Using computers in schools

Nowadays every school has to have computers. I don't refer to legal requirementbut to perception. Schools are judged on how many computers they have. It would be more to the point if they were judged on their computer-savvy.

I'm a fan of computers; my computer is a vital part of my work. I believe computer literacy is as important for our children to acquire as any other "basic skill". But I'm not a fan of the wholesale introduction of computers into our schools, particularly the junior ones. How many computers a school has is not the issue - the issue is, how do they use them?

In many cases, the answer is: poorly.

The reasons are simple enough. Foremost, the teachers have insufficient training and experience with computers. Relatedly, computers are not yet an integrated part of the school curriculum, and every school and teacher re-invents the wheel, trying to find good software, trying to work out how to fit it into the classroom curriculum, trying to work out schedules to make sure every student gets a fair go, struggling with the lack of technical support. And of course, in many cases (perhaps most), the computers are old, with the associated problems of being more likely to have technical problems, being slow, limited in memory, incompatible with current software, and so on.

The most important problems schools have with computers:

  • lack of financial resources (to buy enough computers, up-to-date computers, enough printers and other peripherals, licenses for good software, technical support)
  • the inability of teachers to know how to use the computers effectively
  • difficulty in integrating computers into the school / classroom curriculum (problems of use, of scheduling, of time)

Using computers effectively is much more than simply being able to type an essay or produce a graph. Parents and educators who deplore the obsession with computers in schools see computers as eroding children's basic skills and knowledge, because they only see computers being used as copy-and-paste and making-it-pretty devices. But computers have potential far beyond that.

Computers can be used to help:

  • extend the scope of searches
  • retrieve precisely targeted data with greater speed and accuracy
  • increase the amount of data held ready for use
  • sift relevant data from irrelevant
  • turn data into information

The true value of a computer isn't seen until the user can use it not only as a presentation tool (for making work attractive), and as a productivity tool (for producing work more quickly, effectively, thoroughly), but also as a cognitive tool.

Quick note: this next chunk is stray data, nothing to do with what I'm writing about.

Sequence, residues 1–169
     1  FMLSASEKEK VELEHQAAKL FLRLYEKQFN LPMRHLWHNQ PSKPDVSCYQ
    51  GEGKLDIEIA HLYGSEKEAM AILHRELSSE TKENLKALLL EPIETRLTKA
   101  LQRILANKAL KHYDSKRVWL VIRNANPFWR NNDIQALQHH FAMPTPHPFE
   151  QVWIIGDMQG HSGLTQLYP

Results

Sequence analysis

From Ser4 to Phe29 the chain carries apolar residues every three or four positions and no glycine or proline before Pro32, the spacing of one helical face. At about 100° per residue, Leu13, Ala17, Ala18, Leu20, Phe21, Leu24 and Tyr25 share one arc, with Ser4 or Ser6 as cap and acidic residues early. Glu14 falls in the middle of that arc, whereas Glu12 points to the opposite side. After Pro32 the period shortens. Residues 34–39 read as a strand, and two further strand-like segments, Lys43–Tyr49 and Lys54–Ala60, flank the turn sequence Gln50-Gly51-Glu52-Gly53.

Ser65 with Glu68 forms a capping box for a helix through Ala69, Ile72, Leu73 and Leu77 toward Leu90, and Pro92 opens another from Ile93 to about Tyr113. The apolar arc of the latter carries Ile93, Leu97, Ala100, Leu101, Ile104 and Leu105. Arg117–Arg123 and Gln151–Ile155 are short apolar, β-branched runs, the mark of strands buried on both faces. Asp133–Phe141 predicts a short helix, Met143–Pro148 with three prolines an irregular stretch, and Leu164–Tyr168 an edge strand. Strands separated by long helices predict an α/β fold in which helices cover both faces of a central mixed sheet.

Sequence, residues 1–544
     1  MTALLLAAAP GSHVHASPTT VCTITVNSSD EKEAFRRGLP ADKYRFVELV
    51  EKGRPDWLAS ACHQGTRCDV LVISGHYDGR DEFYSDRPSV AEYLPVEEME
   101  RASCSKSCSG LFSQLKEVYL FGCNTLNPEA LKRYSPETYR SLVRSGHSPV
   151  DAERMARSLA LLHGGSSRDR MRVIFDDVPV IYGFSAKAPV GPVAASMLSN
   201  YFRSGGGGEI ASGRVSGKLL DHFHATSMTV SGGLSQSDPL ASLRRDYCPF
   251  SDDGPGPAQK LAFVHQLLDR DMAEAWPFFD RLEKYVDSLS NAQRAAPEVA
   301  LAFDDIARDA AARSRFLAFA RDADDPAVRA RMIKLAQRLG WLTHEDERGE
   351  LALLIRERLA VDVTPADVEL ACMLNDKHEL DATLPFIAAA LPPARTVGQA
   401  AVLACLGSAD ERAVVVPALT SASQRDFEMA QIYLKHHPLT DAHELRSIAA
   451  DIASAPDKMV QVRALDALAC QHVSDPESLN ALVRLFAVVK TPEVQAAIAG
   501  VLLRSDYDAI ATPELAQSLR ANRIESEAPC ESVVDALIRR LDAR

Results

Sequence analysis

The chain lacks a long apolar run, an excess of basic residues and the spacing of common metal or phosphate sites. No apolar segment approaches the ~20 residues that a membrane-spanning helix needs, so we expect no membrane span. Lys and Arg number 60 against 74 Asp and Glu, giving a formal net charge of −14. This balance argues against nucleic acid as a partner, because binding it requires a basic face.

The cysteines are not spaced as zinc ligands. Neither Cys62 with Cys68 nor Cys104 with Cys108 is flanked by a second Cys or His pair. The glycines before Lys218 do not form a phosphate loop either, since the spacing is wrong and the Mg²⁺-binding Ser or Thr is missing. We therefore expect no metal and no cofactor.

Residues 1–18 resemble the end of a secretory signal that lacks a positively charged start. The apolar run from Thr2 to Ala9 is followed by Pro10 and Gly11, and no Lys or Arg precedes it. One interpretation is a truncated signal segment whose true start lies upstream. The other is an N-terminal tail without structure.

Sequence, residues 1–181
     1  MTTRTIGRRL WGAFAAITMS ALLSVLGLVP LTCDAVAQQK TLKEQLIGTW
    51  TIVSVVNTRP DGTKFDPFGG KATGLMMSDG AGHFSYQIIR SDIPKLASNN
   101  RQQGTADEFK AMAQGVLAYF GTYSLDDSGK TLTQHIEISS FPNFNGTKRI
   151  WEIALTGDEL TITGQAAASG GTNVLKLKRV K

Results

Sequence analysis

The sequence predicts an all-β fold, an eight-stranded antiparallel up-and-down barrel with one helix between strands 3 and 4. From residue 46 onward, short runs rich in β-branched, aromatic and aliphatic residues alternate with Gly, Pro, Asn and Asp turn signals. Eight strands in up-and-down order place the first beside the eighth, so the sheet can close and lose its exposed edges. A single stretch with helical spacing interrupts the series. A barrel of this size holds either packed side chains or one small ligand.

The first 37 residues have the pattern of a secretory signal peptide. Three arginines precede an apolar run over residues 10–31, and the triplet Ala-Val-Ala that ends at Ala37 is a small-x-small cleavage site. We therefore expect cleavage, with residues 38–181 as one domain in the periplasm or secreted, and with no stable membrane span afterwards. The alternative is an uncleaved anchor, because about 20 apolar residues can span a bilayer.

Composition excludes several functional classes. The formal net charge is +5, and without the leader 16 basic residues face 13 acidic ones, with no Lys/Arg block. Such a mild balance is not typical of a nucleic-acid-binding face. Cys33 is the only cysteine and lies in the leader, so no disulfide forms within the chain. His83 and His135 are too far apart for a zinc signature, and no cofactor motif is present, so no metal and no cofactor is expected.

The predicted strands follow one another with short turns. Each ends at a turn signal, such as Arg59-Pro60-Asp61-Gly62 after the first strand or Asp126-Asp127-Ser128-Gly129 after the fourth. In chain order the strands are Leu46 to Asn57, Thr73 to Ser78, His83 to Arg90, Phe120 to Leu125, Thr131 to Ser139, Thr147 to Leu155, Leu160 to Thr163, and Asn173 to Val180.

Using computers as cognitive tools

A cognitive tool helps you think.

Many people thought computers would revolutionize education by providing individual instruction in the form of tutorials. In particular, as a means of drilling students. Drilling can be helpful to overlearn a skill to achieve automaticity, but it doesn’t help transfer to meaningful problems. That is, you can learn a skill, you can rote-learn facts, but drilling doesn't help meaningful learning - it doesn't teach understanding.

Although computer tutorials have become somewhat more sophisticated, they still only present a single interpretation of the world - they don’t allow students to find their own meaning. They don't teach students to reflect on and analyze their own performance.

“I do not believe that students learn from computers or teachers — which has been a traditional assumption of most schooling. Rather, students learn from thinking in meaningful ways. Thinking is engaged by activities, which can be fostered by computers or teachers.” (Jonassen, p4)

So, the computer itself isn't the issue - the issue, as always, is what you do with it. For example, when the Web is simply used as a source of material that can be downloaded and pasted without thought, then no, it is not of value. But when the learner searches the Web, evaluates the information, finds the gold in the dross, uses that to construct a knowledge base, to develop meaning, then yes, it is a valuable resource.

Computers can support meaningful learning by

  • reducing time spent on mechanical tasks such as rewriting, producing graphs, etc
  • helping find information
  • helping organize information
  • making it easier to share information and ideas with others

Related articles/sites on the Web:

A recent news articles on the subject of compulsory laptops at a Seattle school

New York Times articles about computers in education: Technology critic takes on computers in schools ; Making the most of the Internet's potential for education